in fact, most interviewees reported not having a strong
local customer base in the Indianapolis/Carmel region;
although, some interviewees reported greater customer
presence in the state of Indiana. For example, one
interviewee noted that his/her company does
98 percent of work remotely, while one interviewee
estimated that less than 5 percent of customers were
located in Indianapolis. Another interviewee noted less
than 2 percent of customers were located in the state
of Indiana. This could be because companies operating
on a business-to-business model, which describes
many companies included in this study, rather than a
business-to-customer model, do not need to rely on
local markets. In addition, the nature of technologyintensive businesses is such that much of the work
can be done remotely. One interviewee reported that
although the majority of business was local (in Indiana),
a crossover event in the near future is likely, where
new national business would exceed new local business
(FIRM 5). One company conducts close to 95 percent
of its business throughout the state of Indiana, and
another company sees about 30 percent of business
originating in the region, with the rest largely on the
east and west coasts. One interviewee noted that
about a quarter to a third of business is in Indiana.
Overall, however, most interviewees reported having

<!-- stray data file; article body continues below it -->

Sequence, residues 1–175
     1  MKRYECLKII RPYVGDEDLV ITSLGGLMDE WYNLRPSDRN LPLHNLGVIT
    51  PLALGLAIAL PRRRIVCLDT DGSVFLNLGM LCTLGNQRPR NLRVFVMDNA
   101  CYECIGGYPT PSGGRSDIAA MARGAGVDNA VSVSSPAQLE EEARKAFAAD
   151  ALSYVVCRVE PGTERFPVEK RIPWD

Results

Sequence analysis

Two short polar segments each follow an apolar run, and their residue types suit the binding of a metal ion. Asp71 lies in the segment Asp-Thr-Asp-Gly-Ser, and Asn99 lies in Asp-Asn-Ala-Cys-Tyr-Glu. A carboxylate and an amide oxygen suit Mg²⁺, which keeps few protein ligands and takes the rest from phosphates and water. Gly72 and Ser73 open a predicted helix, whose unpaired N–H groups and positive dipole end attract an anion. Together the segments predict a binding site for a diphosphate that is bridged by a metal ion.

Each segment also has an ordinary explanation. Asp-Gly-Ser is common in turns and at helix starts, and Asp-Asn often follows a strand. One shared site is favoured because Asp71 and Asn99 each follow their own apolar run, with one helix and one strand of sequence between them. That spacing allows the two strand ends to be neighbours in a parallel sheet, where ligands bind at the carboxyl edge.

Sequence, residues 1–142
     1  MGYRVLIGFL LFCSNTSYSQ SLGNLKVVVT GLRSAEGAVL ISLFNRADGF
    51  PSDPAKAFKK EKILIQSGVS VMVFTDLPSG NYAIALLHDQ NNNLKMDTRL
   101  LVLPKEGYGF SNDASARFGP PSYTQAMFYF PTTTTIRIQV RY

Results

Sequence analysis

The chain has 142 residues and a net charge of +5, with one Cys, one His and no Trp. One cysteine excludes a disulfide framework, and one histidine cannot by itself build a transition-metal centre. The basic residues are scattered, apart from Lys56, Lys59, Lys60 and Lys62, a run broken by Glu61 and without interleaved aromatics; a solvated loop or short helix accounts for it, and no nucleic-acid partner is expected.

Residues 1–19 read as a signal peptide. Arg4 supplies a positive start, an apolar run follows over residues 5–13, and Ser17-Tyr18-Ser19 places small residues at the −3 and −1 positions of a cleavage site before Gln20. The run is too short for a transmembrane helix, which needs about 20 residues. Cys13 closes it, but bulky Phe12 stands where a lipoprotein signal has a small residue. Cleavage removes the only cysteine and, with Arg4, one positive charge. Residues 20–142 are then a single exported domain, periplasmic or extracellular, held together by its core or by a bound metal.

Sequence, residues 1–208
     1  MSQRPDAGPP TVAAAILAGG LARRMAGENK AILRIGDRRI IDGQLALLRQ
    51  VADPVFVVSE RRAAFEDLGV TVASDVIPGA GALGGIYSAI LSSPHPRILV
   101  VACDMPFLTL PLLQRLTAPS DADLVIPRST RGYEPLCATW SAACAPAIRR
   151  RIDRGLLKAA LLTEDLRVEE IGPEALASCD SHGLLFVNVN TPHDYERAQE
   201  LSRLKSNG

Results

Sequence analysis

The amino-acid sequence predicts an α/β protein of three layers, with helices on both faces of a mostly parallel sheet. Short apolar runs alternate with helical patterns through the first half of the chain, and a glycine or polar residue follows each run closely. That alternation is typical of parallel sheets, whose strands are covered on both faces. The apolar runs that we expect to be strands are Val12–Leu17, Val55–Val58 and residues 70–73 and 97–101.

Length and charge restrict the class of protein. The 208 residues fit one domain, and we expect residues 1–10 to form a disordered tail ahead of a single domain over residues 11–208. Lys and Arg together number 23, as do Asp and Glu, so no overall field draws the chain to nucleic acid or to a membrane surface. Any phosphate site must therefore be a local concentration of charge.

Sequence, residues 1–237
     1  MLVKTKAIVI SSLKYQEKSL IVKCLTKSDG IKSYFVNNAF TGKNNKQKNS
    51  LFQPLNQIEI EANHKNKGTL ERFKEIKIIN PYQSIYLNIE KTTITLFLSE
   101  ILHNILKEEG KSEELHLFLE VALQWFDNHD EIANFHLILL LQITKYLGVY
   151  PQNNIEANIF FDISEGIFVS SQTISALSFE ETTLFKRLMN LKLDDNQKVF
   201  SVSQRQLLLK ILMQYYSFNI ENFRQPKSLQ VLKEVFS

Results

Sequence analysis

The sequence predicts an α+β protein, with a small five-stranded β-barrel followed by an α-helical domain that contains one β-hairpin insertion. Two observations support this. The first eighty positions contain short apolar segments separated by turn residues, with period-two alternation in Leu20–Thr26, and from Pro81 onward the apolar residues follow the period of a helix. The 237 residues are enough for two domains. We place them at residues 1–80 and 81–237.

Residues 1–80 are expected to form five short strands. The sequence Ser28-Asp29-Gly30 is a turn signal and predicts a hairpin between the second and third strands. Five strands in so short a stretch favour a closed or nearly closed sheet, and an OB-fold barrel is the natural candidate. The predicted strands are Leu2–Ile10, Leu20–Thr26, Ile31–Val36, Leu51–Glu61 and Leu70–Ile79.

clusters of customers in larger markets, including larger
cities such as New York City, Washington, D.C., and
other tier two cities. Similarly, interviewees reported
having few direct competitors in Indianapolis:
As the companys evolved, weve become a
more specific niche, so we dont really have
specific competitors in this marketplace. I
mean, theres a lot of intersecting circles
and some overlap of services, especially
professional services related to pharma and
biotech, various support services, but in our
-------- niche, most of our competitors now
are national (FIRM 12)

12

4.4. Overall ecosystem



Despite most companies not actually serving
or primarily drawing upon the Indianapolis market,
as noted in the previous section, most interviewees
still highlighted the advantages of locating in a city
with strong established companies, particularly in the
pharmaceutical sector. One interviewee commented
about the tradeoffs in the region, noting, in particular,
the contribution of large grounding companies in a key
sector (e.g., Lilly) and of state partnerships or universityindustry partnerships to the ecosystem:
Indianapolis is a second-tier market. We
always say, the best thing about Indianapolis
is its not Chicago and the worst thing
about Indianapolis is its not Chicago. So,
I think with the BioCrossroads, strong
infrastructure and focus and concentration
around life sciences certainly helps.
(FIRM 12).

Another interviewee praised the overall
environment in multiple dimensions, stating that:
Yeah, I think its fabulous. If I were to
recreate this I would 100 percent recreate
it in the Midwest. Given, and where we are in
Indianapolis, given the climate of acceptance,